Presentation on theme: "B. F. Skinner Psychologist Burrhus Frederic Skinner Born March 20, 1904 – Died August 18, 1990 of leukemia From a small Pennsylvania town of Susquehanna."— Presentation transcript:
B. F. Skinner Psychologist
Burrhus Frederic Skinner Born March 20, 1904 – Died August 18, 1990 of leukemia From a small Pennsylvania town of Susquehanna His father was a lawyer His mother was a housewife Received his BA in English from Hamilton College in upstate New York Skinner started his career as an English major, writing poems and short stories. After this... Skinner attended Harvard where he got his masters in psychology (1930) and his doctorate (1931), and stayed there to do research until 1936. Studied in the field of psychology (Behaviours)
Continued… Skinner married Yvonne Blue in 1936 and they had their first child, Julie, in 1938. In 1944, during World War II, Skinner worked on the “Project Pigeon” which trained pigeons to direct bombs by pecking at a target. In 1943, when Yvonne was pregnant for the second time, Skinner designed the “baby tender,” a crib that was designed to be safer than a normal crib.
What did Skinner study? Findings about the ways animals discover and learn things Most actions (or behaviours) are basically learned, and can be unlearned and changed. “Personality is the result of measuring outside forces. Thus, how we think and act can be modified by manipulating our environment.” (ABC’s of the Human Mind)
Operant Conditioning Changes in behavior is the outcome of an individual responding to occurrences in the environment (stimuli) If the subject is correctly stimulated it will give the suitable response When a stimulus-response pattern is reinforced (rewarded), the individual is conditioned to respond in a certain manner E.g. A child that is rewarded for their good behaviour and efforts within school will tend to follow this pattern to continue to keep being rewarded. If they show bad behaviour or no effort in school, and they are punished for this (privileges taken away) they will realize they are not gaining anything from this type of behaviour and stop
Skinner’s Rats Skinner tested out the theory of operant conditioning on rats Rats were placed in metal cages with a number of levers. At first the rats would nose around the cage and accidentally press the levers, an action that would cause food or water to drop into a dish. After repeating the action, the rats saw that they could receive food and water by pressing the lever. (Learned this behaviour) So, when the rats were rewarded they were conditioned to repeat this positive action to continue being rewarded
Reinforcement Continuous Reinforcement: Every time the rat does the appropriate behavior, he gets a pellet. Fixed ratio schedule: If the rat presses the pedal three times, he gets a pellet…or five times, or twenty times, or x times. There is a fixed ratio between behaviors and reinforcers. Fixed interval schedule: If the rat presses the bar at least once during a particular period of time, say 20 seconds, he gets a pellet. But whether he presses the bar once or a hundred times within that 20 seconds, he only receives one reinforcer. Variable ratio schedule: You change the x each time. First it takes 3 presses to get a pellet, then 10, then 4, etc. Variable interval schedule: You keep changing the time period. First 10 seconds, then 35, then 5, then 40.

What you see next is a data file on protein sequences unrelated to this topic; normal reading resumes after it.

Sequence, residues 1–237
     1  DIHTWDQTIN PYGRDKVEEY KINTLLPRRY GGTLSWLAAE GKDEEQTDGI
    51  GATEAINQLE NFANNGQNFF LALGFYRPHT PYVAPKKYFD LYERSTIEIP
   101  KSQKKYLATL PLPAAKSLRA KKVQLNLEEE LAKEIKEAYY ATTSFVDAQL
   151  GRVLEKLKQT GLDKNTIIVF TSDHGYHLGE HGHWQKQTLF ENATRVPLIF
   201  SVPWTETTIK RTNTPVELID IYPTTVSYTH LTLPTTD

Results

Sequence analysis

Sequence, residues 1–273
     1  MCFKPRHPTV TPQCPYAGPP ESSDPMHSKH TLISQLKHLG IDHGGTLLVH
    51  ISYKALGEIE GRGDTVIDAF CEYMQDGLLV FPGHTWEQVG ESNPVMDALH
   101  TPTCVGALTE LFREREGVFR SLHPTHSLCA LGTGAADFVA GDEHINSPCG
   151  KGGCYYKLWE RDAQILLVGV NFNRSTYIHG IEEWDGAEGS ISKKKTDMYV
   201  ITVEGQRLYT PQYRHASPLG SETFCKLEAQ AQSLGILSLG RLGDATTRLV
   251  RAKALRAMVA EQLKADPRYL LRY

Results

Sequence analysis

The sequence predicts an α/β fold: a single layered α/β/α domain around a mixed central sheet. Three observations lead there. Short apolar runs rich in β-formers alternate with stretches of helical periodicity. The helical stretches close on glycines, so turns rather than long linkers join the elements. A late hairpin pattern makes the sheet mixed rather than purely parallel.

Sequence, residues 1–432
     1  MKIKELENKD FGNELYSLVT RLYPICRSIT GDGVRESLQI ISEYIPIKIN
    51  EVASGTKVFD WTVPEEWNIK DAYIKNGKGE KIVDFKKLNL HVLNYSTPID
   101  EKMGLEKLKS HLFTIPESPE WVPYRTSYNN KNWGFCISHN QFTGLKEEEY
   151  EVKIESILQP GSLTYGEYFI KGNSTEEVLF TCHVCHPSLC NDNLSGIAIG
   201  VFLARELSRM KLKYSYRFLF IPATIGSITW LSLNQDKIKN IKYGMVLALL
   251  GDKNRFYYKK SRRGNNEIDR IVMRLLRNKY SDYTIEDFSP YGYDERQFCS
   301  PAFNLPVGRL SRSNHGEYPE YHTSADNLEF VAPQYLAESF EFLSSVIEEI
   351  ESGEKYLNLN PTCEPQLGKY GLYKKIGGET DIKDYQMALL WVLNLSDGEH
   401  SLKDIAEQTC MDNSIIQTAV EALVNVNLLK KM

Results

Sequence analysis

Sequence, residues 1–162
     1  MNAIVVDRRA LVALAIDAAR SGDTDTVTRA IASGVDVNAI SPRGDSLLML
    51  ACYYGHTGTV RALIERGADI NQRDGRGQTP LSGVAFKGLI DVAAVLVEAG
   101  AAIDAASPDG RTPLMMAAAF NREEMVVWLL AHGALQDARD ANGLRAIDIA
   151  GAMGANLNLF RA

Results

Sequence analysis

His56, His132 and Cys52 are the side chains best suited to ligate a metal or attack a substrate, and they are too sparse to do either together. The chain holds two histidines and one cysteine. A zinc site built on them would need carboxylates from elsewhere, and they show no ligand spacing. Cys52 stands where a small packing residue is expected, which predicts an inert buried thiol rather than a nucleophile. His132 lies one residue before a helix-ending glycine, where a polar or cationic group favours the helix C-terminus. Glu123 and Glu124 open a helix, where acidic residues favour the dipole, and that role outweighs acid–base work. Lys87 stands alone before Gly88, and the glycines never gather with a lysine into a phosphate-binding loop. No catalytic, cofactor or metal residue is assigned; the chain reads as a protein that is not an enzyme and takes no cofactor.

Pigeons Along with the rats, Skinner conducted experiments on pigeons During World War II (1944) there were no missile guidance systems so Skinner decided to try and discover one. Skinner got funding for a top secret project to train pigeons to guide bombs. He trained pigeons to keep pecking a target that would hold a missile onto a target. The pigeons pecked reliably, even when falling rapidly and working with warlike noise all around them. (Learned behaviour) Skinner trained the pigeon’s to peck at a particular colored disk This is based on Skinner’s theory of Operant Conditioning- behaviours are repeated if they are rewarded, and behaviours that are punished will be avoided
Why is it important to the social sciences? Knowing how people learn behaviour is a necessity to our society so that we can control and promote the good behaviour, which will benefit society as a whole. The theory of operant-conditioning helps us to control the way humans learn behaviour and how society can be a great influence on behaviour Helps us to understand how to improve behaviours (people with problem behaviours and criminal histories)
Interesting facts Skinner tested his theory of Operant-conditioning on his daughter, he tried to prove that environment affects behaviour (Rumor) " I can remember growing up a very happy child. I can ’ t exactly pin point any times in my young life that was traumatizing." (Cohen 1987) "Education is what survives when what has been learnt has been forgotten."